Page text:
Coupling water, fire and climate resilience with biomass production from forestry to adapt watersheds to climate change

LIFE RESILIENT FORESTS is a project co-funded by the European Union’s LIFE+ Programme to promote a forest management approach at the watershed scale that improves forests resilience to wildfires, water scarcity, environmental degradation and other effects induced by climate change

Climate change and forest ecosystems

The effects of climate change and climate variability on forest ecosystems are evident around the world and impacts are unavoidable, at least in the short and medium term. Climate change affects forest ecosystems negatively by making forests less resilient to disturbances, such as the reduction of plant growth, the frequency and the intensity of pest and disease outbreaks, wildfires and wind storms.

The effects on European forests ecosystems

Between 1950 and 2000 in Europe an average of 35 million m3 wood was damaged annually by disturbances such as storms (53%) and wildfires (16%). The years 2003 and 2007 demonstrated that forest fires can be devastating when large scale droughts prevail. Climate change will increase the number and severity of droughts in many parts of Europe and will affect the availability of water resources. During the last 30 years, the total EU area affected by water scarcity and droughts doubled from 6 to 13%, economic losses of this increase were estimated at 100 billion Euro.

Latest from the project

Resilient Forests presented at FAO work group on mountain watersheds

At the 32nd meeting of the FAO work group for the Management of Mountain Watersheds, IIAMA UPV Researcher María González presented the work programme and the activities of LIFE Resilient Forests.

The transpiration of groundwater by forests in semiarid regions should be factored in by hydrogelogical models

The transpiration of groundwater resources is a fundamental aspect to be considered in hydrological modelling, in order to obtain an accurate representation of the availability of water resources in a watershed and to improve our knowledge of the hydrological cycle.

Eco-hydrologic forest management improves soil conservation in semiarid regions

Sustainable forest management enhances soil conservation and increases the availability of groundwaters of forests located in semi-arid regions.

IPCC study highlights the role of sustainable forest management for climate adaptation

The IPCC report released last August confirms that ustainable forest management can contribute to climate adaptation and reverse the impacts of climate change on land egradation

Adapting local solutions to global challenges – Episode 8

Antonio and Maria talk about the initial results of the project and how these can be transferred from local to a wider scale in the Mediterranean areas and in Central Europe.

Restoring Tree Growth – Episode 7

At the experimental plots we can clearly see the difference between an unmanaged forest originated 27 years ago after a wildfire and a stand of managed forest.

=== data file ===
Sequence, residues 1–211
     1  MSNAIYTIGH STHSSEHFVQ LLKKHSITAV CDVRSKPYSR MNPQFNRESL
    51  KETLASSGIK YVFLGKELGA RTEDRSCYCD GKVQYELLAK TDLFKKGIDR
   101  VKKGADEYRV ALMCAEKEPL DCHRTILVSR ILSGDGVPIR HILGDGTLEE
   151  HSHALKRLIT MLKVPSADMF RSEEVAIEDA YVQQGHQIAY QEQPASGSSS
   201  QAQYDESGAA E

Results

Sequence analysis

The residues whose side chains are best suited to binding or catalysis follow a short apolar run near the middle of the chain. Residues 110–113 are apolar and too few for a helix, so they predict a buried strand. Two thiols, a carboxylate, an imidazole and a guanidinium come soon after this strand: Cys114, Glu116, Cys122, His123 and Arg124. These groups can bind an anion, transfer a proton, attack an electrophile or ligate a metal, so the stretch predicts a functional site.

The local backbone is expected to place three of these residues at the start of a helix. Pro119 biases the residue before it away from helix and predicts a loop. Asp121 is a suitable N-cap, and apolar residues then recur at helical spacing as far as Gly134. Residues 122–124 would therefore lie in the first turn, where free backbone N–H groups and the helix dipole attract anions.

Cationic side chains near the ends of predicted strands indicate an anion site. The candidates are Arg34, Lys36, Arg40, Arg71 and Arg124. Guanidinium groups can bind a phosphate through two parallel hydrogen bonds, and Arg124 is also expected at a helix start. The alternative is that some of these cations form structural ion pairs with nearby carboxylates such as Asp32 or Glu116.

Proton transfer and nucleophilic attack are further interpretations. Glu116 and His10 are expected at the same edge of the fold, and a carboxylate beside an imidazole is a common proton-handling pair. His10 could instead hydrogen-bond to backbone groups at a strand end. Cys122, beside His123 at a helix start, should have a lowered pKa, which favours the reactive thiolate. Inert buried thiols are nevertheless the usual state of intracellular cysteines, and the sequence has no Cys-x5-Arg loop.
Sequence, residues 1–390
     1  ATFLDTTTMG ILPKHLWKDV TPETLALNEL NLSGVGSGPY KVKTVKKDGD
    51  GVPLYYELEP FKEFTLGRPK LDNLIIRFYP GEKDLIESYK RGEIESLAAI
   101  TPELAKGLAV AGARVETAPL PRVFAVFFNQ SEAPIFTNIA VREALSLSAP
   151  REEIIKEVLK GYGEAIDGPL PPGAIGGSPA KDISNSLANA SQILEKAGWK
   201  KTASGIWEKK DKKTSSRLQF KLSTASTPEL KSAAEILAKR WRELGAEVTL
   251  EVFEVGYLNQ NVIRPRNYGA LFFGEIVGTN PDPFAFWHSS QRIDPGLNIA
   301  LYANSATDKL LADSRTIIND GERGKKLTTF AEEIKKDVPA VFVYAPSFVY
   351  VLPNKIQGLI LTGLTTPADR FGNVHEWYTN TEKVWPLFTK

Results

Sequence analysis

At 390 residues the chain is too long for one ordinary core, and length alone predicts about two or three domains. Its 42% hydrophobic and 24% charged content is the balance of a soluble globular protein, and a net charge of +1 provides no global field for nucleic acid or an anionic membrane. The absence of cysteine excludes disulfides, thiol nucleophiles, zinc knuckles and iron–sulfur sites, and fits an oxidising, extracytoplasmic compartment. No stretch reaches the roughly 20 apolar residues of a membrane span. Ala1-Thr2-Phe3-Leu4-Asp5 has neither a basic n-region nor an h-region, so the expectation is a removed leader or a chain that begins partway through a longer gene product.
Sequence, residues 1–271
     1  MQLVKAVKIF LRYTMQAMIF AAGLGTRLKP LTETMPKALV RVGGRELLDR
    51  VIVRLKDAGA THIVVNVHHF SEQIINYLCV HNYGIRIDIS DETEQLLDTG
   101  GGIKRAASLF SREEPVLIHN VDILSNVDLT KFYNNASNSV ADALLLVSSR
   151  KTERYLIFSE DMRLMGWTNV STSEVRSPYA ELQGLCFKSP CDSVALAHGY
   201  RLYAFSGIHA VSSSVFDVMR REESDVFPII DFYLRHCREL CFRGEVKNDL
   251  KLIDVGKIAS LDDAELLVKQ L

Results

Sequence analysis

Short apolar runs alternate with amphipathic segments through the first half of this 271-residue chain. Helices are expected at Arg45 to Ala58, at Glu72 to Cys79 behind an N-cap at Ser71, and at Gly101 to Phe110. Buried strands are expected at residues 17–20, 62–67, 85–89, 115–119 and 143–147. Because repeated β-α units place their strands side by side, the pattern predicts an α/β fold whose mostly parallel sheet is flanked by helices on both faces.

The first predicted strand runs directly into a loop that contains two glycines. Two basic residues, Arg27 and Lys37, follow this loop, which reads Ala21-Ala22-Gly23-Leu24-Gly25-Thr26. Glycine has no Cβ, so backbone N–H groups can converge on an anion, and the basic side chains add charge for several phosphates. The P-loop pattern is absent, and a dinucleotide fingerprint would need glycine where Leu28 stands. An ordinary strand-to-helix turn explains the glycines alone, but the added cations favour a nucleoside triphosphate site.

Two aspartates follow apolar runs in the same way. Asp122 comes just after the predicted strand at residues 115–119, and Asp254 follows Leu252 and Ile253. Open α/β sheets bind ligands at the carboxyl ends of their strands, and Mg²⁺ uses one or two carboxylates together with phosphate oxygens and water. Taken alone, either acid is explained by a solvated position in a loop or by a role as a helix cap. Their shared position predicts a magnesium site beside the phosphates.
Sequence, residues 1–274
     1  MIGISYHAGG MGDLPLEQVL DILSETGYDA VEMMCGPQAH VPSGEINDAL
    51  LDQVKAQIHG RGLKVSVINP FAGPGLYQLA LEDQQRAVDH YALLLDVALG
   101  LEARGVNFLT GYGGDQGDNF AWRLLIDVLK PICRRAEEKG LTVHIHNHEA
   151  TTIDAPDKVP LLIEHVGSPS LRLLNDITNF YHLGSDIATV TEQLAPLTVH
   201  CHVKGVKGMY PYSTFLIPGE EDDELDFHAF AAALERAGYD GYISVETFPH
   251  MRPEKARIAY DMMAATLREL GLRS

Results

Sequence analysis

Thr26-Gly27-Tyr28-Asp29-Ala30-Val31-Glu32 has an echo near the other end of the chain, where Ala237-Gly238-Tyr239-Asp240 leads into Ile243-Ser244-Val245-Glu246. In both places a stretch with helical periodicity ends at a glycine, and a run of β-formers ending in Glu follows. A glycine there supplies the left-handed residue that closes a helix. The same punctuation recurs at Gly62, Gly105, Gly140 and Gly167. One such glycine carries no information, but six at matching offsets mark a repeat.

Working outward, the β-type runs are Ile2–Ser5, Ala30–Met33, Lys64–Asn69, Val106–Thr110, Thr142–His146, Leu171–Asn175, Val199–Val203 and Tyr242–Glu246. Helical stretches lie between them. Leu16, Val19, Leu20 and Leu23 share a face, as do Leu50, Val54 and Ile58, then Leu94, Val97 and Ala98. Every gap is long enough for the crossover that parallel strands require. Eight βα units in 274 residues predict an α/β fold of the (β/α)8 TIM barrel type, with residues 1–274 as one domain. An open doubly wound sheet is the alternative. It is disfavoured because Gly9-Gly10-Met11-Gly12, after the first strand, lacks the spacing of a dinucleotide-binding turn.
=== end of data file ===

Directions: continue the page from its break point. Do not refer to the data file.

Visiting the Experimental Forest Plots – Episode 6

At this experimental site inside researchers are measuring the amount of water available to feed the trees in a manged forest plot, versus an unmanaged one.

Declining Tree Circles – Episode 5

Thanks to the analysis of the tree-trunk-slice it is possible to observe the real growth of the trees.

Managed Forests Versus Unmanaged – Episode 4

Antonio and Maria explain why it is important to adopt a sustainable management system to make forests more resilient to climate disturbances.

Coupling water, fire and climate resilience with biomass production in forestry to adapt watershed to climate change

This study analyses to which extent semi-arid forest management for water is effective and viable at catchment scale, and how it can be improved when combined with biomass production and fire risk reduction.


  Decision Support System

LIFE Resilient Forest will develop a system to introduce climate change adaptation strategies in forest management across Europe. This tool will be based on a successful approach already adopted by the municipality of Serra (Valencia, Spain).


A replication strategy will be developed for transferring this approach, so it can be applied elsewhere across Europe.


Networking activities will be developed so the project can take advantage of other successful initiatives related to forest management and climate change, and to facilitate the transfer of information on forest management and climate change initiatives.


The support system will be adapted to different conditions and demonstrated at three locations in Germany, Portugal and Spain, both at sub-catchment and at catchment scale.


The project will conduct a complete monitoring of the impacts, including a Life Cycle Assessment (LCA) of the system, to prove the environmental soundness of the approach and its socioeconomic effects in rural areas.


LIFE RESILIENT FORESTS will carry out a wide dissemination action to reach out both public and private stakeholders and to achieve a positive impact on regulations and policies for forest management across Europe.

Stay Informed

LIFE RESILIENT FOREST will publish regular newsletters to keep you informed about the project’s activities, results and events and about climate resilient forestry. Sign up to our mailing list and follow our socials.

1 + 8 =